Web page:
Open

Coming up

Don't miss

Replay


LATEST SHOWS

MEDIAWATCH

A thin line between fact-checking and propaganda in Gaza social media coverage

Read more

DEBATE

Gaza: How to Stop the Spiral? Israel Readies For Ground Offensive (part 2)

Read more

DEBATE

Gaza: How to Stop the Spiral? Israel Readies For Ground Offensive

Read more

FOCUS

Ireland's missing babies casting light on a dark history...

Read more

WEB NEWS

World Cup 2014: Germany-Brazil inspires the Web

Read more

THE INTERVIEW

Boutros-Ghali: 'I wanted to reform the UN'

Read more

IN THE PAPERS

57 000 little problems

Read more

IN THE PAPERS

The Sarkozy 'threat'

Read more

BUSINESS DAILY

Budget challenge for India's new government

Read more

  • Hamas rockets reaching deeper into Israel

    Read more

  • French companies will have to accept anonymous CVs

    Read more

  • Ukrainian forces close in on Donetsk

    Read more

  • Germany asks US intelligence station chief to leave country

    Read more

  • Death toll rises in Gaza as militants target Israeli cities

    Read more

  • UN chief Ban Ki-moon appoints new Syria mediator

    Read more

  • Video: Muslims in China confront obstacles to Ramadan fasting

    Read more

  • Tour de France passes WWI Chemin des Dames battlefield

    Read more

  • Senegalese man awarded French visa in gay marriage debate

    Read more

  • Israel steps up airstrikes as diplomacy gets under way

    Read more

  • Argentina beat Netherlands on penalties to reach World Cup final

    Read more

  • Foiled French jihadist ‘targeted Louvre and Eiffel Tower’

    Read more

  • Obama in Texas to urge congressional action on child migrant crisis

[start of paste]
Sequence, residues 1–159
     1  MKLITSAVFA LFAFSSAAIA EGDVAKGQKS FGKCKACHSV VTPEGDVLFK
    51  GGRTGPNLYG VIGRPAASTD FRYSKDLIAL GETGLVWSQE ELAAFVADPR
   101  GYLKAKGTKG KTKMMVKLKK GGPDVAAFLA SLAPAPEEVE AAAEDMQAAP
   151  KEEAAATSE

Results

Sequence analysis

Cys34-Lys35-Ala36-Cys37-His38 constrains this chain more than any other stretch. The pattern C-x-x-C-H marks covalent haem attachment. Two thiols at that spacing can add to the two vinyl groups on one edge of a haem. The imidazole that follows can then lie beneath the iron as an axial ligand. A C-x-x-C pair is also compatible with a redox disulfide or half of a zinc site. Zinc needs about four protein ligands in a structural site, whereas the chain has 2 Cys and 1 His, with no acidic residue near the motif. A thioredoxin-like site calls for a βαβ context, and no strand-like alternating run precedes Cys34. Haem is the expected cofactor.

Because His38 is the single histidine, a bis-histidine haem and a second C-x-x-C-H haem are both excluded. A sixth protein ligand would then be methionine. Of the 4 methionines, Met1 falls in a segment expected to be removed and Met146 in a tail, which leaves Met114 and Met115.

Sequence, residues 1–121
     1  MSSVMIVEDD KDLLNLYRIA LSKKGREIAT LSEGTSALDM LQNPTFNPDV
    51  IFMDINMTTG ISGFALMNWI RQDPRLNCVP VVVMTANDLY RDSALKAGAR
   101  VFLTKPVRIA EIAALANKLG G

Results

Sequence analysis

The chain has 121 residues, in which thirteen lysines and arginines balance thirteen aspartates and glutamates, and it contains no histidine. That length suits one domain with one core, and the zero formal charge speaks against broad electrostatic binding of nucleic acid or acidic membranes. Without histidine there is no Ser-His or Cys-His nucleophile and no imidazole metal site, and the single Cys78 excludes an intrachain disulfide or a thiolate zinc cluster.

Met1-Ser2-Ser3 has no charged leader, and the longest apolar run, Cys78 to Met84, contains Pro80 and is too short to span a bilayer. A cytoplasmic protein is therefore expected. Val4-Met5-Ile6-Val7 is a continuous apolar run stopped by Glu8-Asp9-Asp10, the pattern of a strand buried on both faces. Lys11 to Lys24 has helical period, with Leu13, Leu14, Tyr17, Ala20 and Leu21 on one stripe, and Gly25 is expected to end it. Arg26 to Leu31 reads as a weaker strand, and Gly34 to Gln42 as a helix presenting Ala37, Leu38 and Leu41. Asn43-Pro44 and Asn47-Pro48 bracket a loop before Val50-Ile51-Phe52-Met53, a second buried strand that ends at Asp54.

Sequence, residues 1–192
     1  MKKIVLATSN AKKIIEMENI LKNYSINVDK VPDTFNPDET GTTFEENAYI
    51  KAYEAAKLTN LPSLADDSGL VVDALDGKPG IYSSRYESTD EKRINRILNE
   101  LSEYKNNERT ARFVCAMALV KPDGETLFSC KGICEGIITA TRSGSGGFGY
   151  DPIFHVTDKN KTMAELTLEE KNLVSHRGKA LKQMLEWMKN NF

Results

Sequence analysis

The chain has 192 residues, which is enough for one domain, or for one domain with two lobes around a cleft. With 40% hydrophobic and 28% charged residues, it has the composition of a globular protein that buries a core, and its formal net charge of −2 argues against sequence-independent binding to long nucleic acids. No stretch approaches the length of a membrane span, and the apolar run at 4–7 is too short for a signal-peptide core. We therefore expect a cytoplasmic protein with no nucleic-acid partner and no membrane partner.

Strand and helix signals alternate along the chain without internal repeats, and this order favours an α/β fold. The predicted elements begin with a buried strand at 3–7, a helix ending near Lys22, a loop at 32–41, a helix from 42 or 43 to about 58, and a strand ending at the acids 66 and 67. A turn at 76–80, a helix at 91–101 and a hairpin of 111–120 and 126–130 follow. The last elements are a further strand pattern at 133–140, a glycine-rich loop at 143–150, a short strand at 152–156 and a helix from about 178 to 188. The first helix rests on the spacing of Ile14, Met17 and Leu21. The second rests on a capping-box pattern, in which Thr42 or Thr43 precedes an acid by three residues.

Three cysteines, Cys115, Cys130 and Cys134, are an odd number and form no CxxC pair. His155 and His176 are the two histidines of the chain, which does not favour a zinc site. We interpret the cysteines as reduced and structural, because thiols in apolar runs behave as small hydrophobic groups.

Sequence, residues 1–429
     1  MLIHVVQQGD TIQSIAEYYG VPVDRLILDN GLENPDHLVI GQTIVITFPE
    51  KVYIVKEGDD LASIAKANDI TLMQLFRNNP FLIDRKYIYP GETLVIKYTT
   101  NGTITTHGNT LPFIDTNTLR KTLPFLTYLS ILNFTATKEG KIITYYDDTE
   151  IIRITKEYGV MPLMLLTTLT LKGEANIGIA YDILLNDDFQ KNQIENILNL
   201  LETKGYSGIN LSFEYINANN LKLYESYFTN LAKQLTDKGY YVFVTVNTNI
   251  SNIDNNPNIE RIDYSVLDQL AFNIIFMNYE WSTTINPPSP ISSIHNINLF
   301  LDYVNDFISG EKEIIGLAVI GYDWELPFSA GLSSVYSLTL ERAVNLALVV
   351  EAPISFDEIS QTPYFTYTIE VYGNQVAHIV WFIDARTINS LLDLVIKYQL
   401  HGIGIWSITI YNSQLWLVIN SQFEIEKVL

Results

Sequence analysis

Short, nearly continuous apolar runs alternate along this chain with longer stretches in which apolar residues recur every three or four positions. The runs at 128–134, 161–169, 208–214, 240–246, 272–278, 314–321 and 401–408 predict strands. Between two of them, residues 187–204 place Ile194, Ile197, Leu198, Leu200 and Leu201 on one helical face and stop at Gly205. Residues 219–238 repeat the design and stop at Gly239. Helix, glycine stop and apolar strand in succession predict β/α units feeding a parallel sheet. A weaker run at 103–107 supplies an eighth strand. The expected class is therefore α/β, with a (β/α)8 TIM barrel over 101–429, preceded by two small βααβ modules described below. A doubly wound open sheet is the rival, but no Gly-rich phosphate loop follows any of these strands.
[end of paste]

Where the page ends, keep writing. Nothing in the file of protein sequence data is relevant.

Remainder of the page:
Read more

  • Iraq’s heritage 'in danger' from ISIS militants

    Read more

  • 100 years on, the Tour de France returns to the Western Front

    Read more

LIVE: Mugabe to be sworn in, again

©

Latest update : 2008-06-29

President Robert Mugabe, who's been ruling Zimbabwe for 28 years, is to be sworn in at 1300 GMT on Sunday in Harare for his fifth term in office. Watch France 24's special coverage live.

 

HARARE - President Robert Mugabe invited opposition leader Morgan Tsvangirai to his inauguration on Sunday after a widely condemned election which African observers said was unfair and scarred by violence and intimidation.

 

Tsvangirai immediately rejected the invitation, saying the inauguration was meaningless after an illegitimate poll. He said he would ask the African Union not to recognise Mugabe's re-election.

 

Mugabe's spokesman, George Charamba, told Reuters the invitation was "done in the spirit of the president's wish to reach out...It is a major step towards political engagement."

 

The veteran Zimbabwean leader is under heavy pressure from within Africa to enter talks with Tsvangirai over the country's political and economic crisis.

 

"Well, you know that the whole inauguration is meaningless as far as I'm concerned, so I can't give support to an exercise I'm totally opposed to... the whole world has condemned it, the Zimbabwean people will not give this exercise legitimacy and support," Tsvangirai told Reuters.

 

He said the opposition was committed to African Union sponsored talks with Mugabe's government although no negotiations had started.

 

Analysts said before Friday's vote that Mugabe defied a chorus of calls to call off the one-candidate election so that he could negotiate with Tsvangirai from a position of strength.

 

Pan-African parliament observers, one of the few groups able to monitor the ballot, said the vote on Friday was so flawed it should be rerun.

 

Results have not been released, but Mugabe said he was heading for victory in the poll, dismissed as a sham by much of the world.

The government said Mugabe's swearing-in for a new five-year term would be held at 3 p.m. (1300 GMT).

 

The inauguration would allow Mugabe to extend his 28 years of unbroken rule before attending an African Union summit in Egypt on Monday where he has vowed to confront his critics.

 

Mugabe was the only candidate after Movement for Democratic Change leader Tsvangirai withdrew because of government-backed violence which he said had killed nearly 90 of his supporters.

 

"These elections were not free and fair," said Marwick Khumalo, head of the Pan-African parliament observer team.

 

"Conditions should be put in place for the holding of free, fair and credible elections as soon as possible."

Date created : 2008-06-29

Comments

COMMENT(S)